The Digital Banal: New Media and American Literature and Culture

Research output: Book/ReportBook


Colleges, School and Institutes


The condition of the digital banal exists when we don’t notice the affective novelty of our becoming with digital media. Despite the profound ways digital media shape our present moment, and our ways of thinking the future, it is hard to think of them as novel. Digital media are systems and objects we live through rather than look at, and their usefulness is premised on their becoming banal. By turning to a variety of fictional texts which stage everyday encounters with digital media, The Digital Banal looks to recover the mediational novelty of contemporary life.
This book takes digital media as a dominant logic of contemporary culture and locates its affects in recent novels, essays, comics, film and TV shows. Rather than turn to stories of the technological sublime, The Digital Banal is interested in boring, banal ways culture imagines and narrates everyday technologies. In scenes of waiting for email, watching eBay bids, programming labor, worrying about how many likes you have, and how authentic your online friends are being, we encounter ourselves as new media subjects, and digital media as a tangible, visible aspect of life. Most contemporary literary studies position literature apart from its digital machinations, this book interrogates the ways digital media is always informing narratives of contemporary life.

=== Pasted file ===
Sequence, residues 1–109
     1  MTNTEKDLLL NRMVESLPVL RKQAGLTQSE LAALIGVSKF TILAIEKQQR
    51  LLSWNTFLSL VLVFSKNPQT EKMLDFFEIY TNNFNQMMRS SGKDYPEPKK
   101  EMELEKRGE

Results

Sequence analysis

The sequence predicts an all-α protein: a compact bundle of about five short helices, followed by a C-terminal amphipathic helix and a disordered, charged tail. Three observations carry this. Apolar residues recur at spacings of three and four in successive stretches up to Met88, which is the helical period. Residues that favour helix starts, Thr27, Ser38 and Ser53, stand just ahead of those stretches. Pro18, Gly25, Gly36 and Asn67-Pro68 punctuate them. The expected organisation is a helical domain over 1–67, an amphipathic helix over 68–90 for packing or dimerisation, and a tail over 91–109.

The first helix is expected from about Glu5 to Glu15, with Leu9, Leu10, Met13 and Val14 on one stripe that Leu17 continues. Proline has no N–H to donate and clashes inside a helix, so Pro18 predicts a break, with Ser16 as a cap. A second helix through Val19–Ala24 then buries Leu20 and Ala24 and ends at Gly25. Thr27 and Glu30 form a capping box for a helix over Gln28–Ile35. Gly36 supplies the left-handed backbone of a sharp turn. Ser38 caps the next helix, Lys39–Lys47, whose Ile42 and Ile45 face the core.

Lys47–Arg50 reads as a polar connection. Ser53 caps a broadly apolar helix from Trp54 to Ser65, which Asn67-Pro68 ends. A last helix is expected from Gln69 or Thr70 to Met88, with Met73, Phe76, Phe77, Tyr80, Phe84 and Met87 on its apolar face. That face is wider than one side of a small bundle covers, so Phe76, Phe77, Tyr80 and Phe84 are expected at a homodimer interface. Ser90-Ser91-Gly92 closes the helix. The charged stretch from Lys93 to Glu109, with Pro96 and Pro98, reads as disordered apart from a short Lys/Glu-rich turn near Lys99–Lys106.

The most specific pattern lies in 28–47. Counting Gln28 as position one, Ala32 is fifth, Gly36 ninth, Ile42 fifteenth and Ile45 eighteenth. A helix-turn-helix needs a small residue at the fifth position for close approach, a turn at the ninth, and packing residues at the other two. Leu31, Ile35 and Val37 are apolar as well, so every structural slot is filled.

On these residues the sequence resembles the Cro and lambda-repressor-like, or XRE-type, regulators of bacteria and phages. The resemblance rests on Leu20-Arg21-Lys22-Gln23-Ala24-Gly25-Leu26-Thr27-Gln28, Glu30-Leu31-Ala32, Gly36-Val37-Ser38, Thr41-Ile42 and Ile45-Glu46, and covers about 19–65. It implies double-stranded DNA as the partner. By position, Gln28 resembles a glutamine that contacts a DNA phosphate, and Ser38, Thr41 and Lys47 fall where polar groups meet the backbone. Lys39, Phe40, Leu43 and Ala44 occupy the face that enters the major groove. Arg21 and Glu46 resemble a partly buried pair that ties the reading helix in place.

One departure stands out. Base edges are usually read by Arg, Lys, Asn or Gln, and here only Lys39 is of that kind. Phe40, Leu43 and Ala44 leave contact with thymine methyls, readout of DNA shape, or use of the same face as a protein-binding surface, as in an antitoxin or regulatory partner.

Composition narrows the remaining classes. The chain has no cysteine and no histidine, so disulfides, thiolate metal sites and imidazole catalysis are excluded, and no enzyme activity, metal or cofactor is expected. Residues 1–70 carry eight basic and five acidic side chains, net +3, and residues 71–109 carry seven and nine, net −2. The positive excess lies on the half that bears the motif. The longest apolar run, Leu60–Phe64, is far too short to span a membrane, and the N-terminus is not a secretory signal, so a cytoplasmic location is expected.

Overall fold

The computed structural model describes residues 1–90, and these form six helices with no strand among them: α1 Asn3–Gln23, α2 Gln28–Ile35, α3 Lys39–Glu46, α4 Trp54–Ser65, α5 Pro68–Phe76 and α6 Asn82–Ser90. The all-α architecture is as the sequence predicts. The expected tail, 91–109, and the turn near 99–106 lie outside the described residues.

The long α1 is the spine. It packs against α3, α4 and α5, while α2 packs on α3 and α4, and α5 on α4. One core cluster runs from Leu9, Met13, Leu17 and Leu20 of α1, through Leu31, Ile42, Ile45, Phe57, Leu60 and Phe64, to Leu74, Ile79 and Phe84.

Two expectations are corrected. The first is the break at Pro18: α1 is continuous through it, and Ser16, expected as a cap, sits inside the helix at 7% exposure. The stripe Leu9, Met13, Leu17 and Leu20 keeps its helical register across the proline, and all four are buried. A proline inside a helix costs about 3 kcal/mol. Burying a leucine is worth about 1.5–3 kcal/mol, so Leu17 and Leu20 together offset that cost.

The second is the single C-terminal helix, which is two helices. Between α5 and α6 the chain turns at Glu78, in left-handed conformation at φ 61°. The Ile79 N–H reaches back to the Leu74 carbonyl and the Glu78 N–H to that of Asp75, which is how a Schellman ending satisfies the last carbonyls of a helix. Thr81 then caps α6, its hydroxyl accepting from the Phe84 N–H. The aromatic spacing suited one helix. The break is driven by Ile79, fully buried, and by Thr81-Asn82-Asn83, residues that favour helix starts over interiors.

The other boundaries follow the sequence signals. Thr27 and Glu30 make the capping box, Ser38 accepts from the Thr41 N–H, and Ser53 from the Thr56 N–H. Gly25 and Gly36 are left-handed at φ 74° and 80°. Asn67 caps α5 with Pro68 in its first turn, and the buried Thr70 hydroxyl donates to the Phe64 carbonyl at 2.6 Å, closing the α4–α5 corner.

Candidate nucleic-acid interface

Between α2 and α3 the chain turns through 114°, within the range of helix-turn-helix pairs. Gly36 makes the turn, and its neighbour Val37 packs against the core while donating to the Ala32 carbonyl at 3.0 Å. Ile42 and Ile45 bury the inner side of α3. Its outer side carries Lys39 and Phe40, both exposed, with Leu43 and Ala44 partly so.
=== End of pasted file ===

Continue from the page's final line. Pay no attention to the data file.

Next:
As data subjects living in networks, and as precarious embodied subjects living at the edge of the world’s resources, we should know digital media as anything but banal. This book offers important, timely methods for seeing the digital banal as a politics of suppression. By reading normative cultural practices of representing everyday life in fiction, essays, reality TV, The Digital Banal recovers disturbances that might become ways to recognize and antagonize our new mediational conditions.


Original languageEnglish
PublisherColumbia University Press
Number of pages241
Publication statusAccepted/In press - 28 Oct 2016

Publication series

NameLiterature Now


  • banal theory, mediation, literature, digital banal, new media studies, novelty